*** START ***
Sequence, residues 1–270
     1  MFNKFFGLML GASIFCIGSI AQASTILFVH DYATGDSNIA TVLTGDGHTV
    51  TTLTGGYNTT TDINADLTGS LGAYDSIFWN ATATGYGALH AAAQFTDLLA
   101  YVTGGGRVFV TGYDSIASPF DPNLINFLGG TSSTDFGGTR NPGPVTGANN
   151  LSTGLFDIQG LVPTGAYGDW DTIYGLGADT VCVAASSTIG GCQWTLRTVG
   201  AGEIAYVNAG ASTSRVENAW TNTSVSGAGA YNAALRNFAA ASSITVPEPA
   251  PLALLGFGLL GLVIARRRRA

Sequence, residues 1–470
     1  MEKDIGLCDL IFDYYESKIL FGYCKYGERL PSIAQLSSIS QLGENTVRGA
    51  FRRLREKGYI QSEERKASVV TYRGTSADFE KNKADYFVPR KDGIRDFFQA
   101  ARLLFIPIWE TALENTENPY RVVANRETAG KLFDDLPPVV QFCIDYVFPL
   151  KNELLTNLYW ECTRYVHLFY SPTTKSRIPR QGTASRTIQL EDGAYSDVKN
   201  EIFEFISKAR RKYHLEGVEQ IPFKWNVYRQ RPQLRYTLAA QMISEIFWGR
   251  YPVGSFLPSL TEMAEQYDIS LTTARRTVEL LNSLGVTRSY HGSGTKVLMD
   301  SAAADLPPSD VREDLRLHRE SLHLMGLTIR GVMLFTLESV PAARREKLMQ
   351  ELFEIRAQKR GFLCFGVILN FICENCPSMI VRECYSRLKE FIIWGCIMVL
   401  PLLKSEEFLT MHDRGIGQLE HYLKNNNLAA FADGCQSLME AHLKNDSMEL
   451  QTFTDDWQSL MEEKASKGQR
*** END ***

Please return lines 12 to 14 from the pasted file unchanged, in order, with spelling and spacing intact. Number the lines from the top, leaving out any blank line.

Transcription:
   151  KNELLTNLYW ECTRYVHLFY SPTTKSRIPR QGTASRTIQL EDGAYSDVKN
   201  EIFEFISKAR RKYHLEGVEQ IPFKWNVYRQ RPQLRYTLAA QMISEIFWGR
   251  YPVGSFLPSL TEMAEQYDIS LTTARRTVEL LNSLGVTRSY HGSGTKVLMD